This simulation tries to simulate a brain made up of cells that act together as a larger being. It is very basic, but it can be interesting. Each cell is represented at the right of the screen as a square - they are in a 5x5 grid. Each one can send a binary (yes or no) input to each of its neighbors - yes being represented by a green triangle pointing at that neighbor. The cell has a different response to each combination of inputs. When you launch the program, it sets all of these to random values.

Four cells are "input cells" - they output all true or all false to their neighbors based on a property in the virtual world that this "brain" is acting in. The brain controls a dot in the left side of the screen. The "input cells" go on when the dot goes too far up, down, left, or right respectively. If it goes ever further, the program starts "killing" cells - it sets them to new random behaviors, one cell per frame. Along with the input cells, there are four output cells - one of their sides makes the dot move up, down, left, or right respectively instead of giving input to another cell. Eventually, the cells interacting and being reborn can create patterns that stay inside the acceptable area. In order to see this more easily, I included some keyboard functions-

-spacebar to speed up or slow down - in "fast mode", the program will run as fast as it can; in "slow mode", it will run at four frames per second.
-P to pause
-O to draw a trail of where the dot has been, instead of just drawing its current position. Pressing O again changes back.

Because the program runs at four frames per second, you will have to hold these buttons for a while before they work.

For analysis, the program exports a csv file called "position.csv" of the x and y coordinates of the white dot at every frame. The coordinate plane goes from (-50, -50) to (50,50). If the white dot goes past the edge of the screen, it goes to the other side (wrapped screen).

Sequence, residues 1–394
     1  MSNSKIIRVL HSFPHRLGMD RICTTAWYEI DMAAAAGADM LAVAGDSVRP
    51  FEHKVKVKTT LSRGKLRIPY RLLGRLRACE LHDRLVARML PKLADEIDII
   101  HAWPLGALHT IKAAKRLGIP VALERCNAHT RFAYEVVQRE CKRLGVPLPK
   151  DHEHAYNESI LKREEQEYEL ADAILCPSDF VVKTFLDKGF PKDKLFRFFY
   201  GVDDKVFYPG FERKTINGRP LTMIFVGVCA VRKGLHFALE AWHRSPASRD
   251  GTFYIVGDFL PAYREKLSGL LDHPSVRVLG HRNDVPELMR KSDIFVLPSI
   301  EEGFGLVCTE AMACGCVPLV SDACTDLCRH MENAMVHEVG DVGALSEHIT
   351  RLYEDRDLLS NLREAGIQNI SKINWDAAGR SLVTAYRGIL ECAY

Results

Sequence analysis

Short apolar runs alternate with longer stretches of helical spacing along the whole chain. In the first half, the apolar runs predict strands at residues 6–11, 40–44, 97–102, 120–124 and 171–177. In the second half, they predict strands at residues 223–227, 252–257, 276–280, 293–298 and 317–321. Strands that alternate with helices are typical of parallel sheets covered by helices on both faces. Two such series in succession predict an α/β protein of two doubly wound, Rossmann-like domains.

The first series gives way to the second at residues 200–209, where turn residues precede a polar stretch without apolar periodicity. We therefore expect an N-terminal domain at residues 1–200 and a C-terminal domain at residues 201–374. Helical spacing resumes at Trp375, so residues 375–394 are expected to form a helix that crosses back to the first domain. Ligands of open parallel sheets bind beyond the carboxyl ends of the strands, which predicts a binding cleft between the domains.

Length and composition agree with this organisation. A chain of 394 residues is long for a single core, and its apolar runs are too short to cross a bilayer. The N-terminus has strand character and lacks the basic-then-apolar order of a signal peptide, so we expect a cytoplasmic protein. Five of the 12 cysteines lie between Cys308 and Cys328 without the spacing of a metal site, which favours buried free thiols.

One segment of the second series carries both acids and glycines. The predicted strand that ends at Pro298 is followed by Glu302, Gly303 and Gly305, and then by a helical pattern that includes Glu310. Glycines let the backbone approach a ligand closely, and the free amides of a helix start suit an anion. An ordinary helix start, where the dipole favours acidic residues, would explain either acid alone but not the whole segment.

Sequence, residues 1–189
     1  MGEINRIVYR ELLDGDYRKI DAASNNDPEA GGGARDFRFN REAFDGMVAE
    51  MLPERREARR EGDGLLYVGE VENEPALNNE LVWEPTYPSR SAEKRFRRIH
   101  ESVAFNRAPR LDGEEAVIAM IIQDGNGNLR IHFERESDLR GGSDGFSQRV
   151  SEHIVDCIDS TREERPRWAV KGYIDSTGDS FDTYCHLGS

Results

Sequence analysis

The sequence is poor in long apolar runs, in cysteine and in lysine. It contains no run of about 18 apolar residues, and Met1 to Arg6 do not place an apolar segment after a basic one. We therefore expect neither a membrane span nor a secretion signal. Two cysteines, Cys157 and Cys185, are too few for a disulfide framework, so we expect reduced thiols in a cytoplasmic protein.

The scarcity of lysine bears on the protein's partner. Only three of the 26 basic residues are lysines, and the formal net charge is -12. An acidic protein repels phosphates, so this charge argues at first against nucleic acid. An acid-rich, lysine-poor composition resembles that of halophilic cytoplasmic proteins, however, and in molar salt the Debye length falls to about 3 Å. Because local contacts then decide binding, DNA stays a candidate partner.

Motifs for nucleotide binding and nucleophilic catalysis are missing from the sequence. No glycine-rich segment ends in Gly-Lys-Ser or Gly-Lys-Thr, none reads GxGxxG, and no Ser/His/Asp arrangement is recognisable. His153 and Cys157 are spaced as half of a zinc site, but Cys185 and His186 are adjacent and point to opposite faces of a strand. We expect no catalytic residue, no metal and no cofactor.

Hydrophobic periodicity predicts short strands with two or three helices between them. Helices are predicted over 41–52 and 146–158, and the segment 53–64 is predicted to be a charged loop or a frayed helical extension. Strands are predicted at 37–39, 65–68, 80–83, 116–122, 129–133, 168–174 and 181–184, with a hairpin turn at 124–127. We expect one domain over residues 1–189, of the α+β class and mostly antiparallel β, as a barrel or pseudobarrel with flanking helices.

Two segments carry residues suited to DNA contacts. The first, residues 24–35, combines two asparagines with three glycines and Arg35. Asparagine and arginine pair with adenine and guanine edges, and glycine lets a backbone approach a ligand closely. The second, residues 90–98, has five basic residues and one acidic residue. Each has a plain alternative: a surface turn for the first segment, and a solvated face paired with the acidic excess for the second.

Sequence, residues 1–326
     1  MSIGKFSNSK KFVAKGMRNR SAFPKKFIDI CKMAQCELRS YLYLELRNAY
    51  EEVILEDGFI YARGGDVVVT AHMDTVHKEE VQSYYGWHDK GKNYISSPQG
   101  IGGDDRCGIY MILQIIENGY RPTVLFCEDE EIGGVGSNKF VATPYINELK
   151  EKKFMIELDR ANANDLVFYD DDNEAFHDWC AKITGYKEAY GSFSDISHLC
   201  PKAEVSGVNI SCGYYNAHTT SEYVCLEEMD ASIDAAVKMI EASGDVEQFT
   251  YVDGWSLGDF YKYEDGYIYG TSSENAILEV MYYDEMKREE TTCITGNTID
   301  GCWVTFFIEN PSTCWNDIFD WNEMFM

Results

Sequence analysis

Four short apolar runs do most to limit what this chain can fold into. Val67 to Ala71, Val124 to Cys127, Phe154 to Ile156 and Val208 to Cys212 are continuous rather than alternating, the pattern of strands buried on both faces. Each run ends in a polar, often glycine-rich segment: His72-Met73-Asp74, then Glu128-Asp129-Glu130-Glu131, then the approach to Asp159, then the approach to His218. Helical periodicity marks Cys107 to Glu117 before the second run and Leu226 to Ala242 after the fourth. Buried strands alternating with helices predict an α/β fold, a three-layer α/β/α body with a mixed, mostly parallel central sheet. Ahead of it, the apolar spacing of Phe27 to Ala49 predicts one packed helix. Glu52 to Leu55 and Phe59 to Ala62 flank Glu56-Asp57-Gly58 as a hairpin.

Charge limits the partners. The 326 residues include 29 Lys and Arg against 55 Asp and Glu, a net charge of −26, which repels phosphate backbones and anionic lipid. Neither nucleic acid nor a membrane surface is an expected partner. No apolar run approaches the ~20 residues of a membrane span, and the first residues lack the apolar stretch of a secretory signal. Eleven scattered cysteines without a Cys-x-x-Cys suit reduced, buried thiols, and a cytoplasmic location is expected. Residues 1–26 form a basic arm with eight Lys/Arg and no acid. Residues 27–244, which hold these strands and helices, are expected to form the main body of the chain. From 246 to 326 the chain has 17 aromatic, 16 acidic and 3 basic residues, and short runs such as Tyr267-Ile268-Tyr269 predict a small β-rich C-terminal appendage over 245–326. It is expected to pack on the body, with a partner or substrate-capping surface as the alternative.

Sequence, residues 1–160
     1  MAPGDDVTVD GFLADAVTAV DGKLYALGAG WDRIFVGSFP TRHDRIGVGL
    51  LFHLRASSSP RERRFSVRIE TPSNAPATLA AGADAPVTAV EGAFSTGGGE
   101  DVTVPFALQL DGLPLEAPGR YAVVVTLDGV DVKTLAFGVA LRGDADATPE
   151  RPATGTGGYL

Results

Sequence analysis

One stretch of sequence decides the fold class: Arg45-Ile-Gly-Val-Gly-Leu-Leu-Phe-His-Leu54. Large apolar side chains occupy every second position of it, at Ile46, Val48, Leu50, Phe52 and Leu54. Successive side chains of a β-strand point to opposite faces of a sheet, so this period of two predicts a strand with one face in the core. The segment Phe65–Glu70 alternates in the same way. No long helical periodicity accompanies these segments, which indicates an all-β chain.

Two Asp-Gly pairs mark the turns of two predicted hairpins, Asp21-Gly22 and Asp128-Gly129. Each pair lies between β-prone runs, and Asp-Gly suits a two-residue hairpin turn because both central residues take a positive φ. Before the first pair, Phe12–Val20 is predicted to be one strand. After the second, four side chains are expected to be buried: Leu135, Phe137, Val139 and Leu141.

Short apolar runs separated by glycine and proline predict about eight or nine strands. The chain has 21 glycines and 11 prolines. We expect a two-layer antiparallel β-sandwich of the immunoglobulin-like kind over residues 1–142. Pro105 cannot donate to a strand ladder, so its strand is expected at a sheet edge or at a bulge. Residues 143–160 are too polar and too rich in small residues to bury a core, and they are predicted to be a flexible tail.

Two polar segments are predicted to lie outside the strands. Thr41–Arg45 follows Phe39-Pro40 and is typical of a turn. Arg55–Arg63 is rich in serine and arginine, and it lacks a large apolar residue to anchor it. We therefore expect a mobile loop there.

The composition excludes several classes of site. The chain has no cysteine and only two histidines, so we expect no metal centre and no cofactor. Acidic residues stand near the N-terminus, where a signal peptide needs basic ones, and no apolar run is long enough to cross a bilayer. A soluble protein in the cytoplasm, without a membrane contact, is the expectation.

If you enable trail drawing, you may see patterns that last for a short amount of time before the dot goes back to moving chaotically. If you don't see anything happening, the brain may have formed a "stable pattern" that it will continue until you close the program.

You will notice some white lines in the area with the white dot. The middle set are used to trigger the "input cells", and the outer set are used to trigger "brain damage" (cells are randomly reprogrammed).

It is difficult for the program to come up with a stable pattern; I found that actually manually programming a working pattern was very complex. If you hold the T button, it will reprogram the brain to this pattern. However, it will probably only work if the dot is within the middle set of white lines - these are used to trigger the "input cells".

To launch, extract the folder and double click on "Brain Simulator.bat". Works on Windows with Java 6 or later.

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